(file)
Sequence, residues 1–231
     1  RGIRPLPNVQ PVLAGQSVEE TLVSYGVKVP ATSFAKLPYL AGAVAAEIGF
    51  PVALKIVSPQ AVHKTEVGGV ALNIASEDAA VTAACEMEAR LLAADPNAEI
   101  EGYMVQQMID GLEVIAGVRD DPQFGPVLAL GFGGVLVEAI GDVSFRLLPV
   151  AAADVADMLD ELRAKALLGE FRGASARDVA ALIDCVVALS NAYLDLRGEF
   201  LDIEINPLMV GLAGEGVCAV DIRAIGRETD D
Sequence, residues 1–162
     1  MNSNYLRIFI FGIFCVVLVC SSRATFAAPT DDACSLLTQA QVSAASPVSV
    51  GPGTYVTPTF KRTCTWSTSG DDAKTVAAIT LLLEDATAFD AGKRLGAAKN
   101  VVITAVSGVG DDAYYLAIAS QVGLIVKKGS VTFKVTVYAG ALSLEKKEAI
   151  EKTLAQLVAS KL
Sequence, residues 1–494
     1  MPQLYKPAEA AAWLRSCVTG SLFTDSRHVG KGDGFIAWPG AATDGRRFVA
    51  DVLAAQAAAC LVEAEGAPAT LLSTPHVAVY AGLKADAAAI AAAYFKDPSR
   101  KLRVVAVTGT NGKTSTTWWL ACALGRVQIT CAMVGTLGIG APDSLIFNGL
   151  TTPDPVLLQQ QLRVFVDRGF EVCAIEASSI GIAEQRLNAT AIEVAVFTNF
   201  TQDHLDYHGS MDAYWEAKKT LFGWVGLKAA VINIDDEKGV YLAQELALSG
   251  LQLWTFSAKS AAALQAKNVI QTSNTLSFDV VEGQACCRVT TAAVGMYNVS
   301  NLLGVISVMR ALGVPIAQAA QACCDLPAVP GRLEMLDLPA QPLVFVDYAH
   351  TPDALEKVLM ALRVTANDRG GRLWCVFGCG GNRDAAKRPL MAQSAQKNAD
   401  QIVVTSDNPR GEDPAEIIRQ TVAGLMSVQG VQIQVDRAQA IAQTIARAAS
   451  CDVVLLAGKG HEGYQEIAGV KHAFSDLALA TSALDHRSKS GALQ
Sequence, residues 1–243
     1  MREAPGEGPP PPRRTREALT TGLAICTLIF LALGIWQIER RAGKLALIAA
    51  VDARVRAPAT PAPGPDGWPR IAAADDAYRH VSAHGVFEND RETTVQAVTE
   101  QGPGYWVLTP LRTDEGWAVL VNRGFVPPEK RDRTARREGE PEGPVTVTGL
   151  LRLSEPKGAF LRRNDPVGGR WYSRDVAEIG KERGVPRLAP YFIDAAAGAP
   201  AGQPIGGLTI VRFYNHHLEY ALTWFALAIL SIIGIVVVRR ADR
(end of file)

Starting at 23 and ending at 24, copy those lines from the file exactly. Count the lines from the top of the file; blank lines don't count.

Sequence, residues 1–243
     1  MREAPGEGPP PPRRTREALT TGLAICTLIF LALGIWQIER RAGKLALIAA